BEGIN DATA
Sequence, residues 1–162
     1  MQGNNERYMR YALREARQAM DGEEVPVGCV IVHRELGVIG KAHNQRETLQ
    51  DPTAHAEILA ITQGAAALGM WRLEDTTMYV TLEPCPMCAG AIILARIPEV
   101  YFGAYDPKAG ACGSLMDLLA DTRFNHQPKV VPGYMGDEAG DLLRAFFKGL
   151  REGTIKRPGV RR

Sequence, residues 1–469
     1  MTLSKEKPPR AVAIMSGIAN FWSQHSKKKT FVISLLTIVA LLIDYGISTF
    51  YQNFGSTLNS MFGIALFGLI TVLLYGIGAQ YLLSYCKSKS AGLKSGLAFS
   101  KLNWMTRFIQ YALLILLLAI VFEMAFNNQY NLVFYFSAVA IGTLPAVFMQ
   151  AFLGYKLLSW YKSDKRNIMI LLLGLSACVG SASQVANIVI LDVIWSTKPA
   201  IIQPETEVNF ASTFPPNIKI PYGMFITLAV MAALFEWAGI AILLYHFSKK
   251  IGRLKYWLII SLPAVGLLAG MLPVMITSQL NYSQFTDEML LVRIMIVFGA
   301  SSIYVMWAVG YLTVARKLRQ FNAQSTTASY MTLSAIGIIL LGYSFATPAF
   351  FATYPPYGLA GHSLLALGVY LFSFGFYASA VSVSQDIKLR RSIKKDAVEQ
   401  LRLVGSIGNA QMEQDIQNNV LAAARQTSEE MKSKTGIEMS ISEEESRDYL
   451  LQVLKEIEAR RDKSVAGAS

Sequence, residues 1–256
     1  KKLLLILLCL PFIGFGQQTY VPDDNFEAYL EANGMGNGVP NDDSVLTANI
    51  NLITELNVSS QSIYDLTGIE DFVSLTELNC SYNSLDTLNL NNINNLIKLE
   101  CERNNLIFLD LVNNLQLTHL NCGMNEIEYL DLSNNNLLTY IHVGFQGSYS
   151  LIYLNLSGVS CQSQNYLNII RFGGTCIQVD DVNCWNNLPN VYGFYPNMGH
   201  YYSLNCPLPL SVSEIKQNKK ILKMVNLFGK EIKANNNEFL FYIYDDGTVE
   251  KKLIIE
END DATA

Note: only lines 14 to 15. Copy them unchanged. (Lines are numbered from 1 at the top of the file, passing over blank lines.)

   351  FATYPPYGLA GHSLLALGVY LFSFGFYASA VSVSQDIKLR RSIKKDAVEQ
   401  LRLVGSIGNA QMEQDIQNNV LAAARQTSEE MKSKTGIEMS ISEEESRDYL